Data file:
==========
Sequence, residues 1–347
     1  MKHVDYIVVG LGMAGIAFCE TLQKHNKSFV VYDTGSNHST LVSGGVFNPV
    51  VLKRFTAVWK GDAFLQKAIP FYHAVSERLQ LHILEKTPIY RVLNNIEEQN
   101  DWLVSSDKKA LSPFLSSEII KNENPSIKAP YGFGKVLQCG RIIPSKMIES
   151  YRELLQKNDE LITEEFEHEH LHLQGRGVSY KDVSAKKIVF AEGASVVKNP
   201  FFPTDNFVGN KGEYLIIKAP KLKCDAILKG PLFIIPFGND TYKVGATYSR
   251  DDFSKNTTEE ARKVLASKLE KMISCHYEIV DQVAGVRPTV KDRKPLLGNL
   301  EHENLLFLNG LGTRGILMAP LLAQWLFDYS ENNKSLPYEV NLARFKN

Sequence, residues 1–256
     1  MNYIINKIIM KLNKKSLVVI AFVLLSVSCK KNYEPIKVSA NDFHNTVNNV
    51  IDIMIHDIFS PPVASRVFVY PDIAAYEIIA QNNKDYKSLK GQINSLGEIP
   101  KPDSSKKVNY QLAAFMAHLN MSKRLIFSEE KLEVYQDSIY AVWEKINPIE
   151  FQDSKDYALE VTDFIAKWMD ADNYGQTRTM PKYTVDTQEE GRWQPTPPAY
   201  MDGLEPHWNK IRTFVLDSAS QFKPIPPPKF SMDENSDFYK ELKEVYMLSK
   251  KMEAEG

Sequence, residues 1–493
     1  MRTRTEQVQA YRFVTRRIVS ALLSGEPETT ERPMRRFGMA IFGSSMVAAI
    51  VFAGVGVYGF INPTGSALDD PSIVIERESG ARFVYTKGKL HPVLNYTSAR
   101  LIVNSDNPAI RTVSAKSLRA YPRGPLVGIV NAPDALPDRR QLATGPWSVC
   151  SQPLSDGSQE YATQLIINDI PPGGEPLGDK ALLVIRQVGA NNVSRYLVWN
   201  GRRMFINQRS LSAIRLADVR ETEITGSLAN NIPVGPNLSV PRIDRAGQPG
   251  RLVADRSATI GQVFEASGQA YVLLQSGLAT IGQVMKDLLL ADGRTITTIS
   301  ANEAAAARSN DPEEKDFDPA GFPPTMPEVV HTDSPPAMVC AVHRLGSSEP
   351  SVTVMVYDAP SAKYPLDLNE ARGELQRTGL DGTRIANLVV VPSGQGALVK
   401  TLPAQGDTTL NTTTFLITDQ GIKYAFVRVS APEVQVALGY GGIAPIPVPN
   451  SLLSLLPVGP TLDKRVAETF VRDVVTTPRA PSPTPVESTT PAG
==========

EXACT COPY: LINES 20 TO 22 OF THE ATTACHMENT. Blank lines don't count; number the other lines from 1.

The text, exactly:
   151  SQPLSDGSQE YATQLIINDI PPGGEPLGDK ALLVIRQVGA NNVSRYLVWN
   201  GRRMFINQRS LSAIRLADVR ETEITGSLAN NIPVGPNLSV PRIDRAGQPG
   251  RLVADRSATI GQVFEASGQA YVLLQSGLAT IGQVMKDLLL ADGRTITTIS